Timing is everything with texts
OUT FOR A WALK
I’ve never really liked text messaging as a form of communication. My thumbs are clumsy, and no amount of stretching exercises is going to change that. Spelling even one or two words correctly can be a challenge, even when my smartphone is trying to “assist” me with auto-correct.
Texting is also impersonal and reductive, making it difficult to express nuanced emotions or complicated concepts without having to resort to silly emoji faces. In some ways, it feels like our civilization has gone back to the days of etching crude drawings onto cave walls. Except, now, we have high-tech devices to sketch the pictures for us.
Also, as thousands of people found out last week, text message delivery is not always as instant as you might expect. According to the New York Times, over 160,000 people received “eerie” texts in the middle of the night on Nov. 7. What made them eerie? The texts had actually been sent nine months earlier, on Valentine’s Day, but they had yet to arrive at their destinations.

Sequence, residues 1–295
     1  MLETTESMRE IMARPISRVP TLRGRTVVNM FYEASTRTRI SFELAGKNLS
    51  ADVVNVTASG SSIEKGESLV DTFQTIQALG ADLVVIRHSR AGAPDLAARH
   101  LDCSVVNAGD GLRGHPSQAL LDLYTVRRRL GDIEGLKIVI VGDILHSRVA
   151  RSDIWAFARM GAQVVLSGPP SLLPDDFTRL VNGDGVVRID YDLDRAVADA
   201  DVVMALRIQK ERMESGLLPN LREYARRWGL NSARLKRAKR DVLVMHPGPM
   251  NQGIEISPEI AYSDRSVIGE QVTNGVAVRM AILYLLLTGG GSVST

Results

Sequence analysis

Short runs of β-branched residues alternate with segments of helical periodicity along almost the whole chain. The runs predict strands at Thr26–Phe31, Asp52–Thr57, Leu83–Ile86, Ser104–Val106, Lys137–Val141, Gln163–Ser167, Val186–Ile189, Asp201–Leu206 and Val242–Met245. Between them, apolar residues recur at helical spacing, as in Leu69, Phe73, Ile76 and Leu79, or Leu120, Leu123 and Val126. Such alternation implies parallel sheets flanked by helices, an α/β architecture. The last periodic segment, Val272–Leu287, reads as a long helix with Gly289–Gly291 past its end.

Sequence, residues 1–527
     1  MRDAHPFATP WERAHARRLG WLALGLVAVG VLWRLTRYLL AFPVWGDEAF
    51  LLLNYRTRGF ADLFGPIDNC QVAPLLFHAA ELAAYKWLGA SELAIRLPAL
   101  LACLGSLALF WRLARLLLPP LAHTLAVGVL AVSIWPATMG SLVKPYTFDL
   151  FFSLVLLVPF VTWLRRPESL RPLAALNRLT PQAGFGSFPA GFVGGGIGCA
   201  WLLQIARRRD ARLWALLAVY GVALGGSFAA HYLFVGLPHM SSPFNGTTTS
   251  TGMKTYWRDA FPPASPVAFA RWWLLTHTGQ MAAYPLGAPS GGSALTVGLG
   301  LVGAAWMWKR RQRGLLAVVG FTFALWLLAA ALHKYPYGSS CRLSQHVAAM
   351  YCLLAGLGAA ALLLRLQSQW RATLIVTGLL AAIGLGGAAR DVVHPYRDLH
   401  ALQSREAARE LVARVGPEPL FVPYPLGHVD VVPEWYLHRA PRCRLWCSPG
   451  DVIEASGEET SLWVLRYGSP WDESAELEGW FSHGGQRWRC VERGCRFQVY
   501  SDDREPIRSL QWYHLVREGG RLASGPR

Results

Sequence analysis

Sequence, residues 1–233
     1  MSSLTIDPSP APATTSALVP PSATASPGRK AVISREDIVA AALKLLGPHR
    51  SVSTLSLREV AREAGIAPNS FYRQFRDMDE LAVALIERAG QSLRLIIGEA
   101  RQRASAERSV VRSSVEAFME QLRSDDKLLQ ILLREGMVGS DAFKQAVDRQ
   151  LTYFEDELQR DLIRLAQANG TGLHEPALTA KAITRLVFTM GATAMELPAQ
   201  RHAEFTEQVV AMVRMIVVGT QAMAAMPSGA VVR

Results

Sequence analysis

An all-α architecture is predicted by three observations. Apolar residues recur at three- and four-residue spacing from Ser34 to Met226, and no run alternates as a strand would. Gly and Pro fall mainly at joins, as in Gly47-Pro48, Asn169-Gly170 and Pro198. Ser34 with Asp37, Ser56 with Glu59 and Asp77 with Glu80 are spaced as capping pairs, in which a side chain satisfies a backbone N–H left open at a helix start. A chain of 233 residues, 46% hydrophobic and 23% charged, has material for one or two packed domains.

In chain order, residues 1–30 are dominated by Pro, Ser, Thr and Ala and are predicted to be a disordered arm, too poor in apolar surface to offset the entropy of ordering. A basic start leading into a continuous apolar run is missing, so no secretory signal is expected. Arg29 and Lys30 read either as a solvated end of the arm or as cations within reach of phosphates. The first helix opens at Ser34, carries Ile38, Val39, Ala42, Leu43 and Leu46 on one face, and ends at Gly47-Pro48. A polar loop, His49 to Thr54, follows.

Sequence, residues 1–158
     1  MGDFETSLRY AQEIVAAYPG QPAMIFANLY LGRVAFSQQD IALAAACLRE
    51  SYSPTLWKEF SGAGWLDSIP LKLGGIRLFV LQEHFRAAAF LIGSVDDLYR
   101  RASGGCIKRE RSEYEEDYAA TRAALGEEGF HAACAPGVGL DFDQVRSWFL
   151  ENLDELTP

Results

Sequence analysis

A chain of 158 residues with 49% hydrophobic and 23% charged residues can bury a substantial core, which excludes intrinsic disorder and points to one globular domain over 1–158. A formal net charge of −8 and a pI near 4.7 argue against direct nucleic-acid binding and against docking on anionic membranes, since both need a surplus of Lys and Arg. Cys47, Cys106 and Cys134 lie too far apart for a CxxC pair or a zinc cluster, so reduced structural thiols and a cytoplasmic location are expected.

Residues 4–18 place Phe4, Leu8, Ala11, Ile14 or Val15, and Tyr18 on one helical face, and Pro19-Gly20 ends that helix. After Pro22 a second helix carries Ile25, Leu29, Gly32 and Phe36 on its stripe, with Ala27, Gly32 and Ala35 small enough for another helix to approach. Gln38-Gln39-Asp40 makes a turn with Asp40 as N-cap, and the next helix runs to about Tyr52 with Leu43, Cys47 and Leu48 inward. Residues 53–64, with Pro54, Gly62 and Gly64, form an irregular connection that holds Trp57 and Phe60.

Cell phone companies had a hard time explaining this anomaly at first, but it turns out a company no one’s ever heard of, Syniverse, had a malfunctioning server that held on to thousands of undelivered messages for months before being rebooted last Thursday. As a result, thousands of people got their Happy Valentine’s Day wishes way late this year.
As you might expect, this created quite a bit of confusion and some awkward exchanges between friends, lovers and family members. Some got affectionate messages from people they had broken up with, and others were bewildered by messages that made no sense out of the context in which they were sent.
A few of the long-delayed messages were downright sad. One woman who spoke to the Times got a message from her husband, who is stationed overseas as a member of the U.S. Navy. The text said he was “on my way home,” even though she didn’t expect him until later in the month. She immediately got out of bed and started cleaning her house in anticipation of her husband arriving soon. Imagine the disappointment of learning that it was all a “glitch.”
It turns out my sister-in-law Ann was one of the thousands who received a couple of these mystery messages. She didn’t know about the mishap until I happened to tell her about it, but she chose to continue believing there was a special reason she got the messages when she did, as they referenced her mother-inlaw, who passed away in February. Good for her for seeing something meaningful amid the techno-chaos.
The whole episode makes me glad I rely more on traditional forms of communication — like verbal conversations — than I do on texts.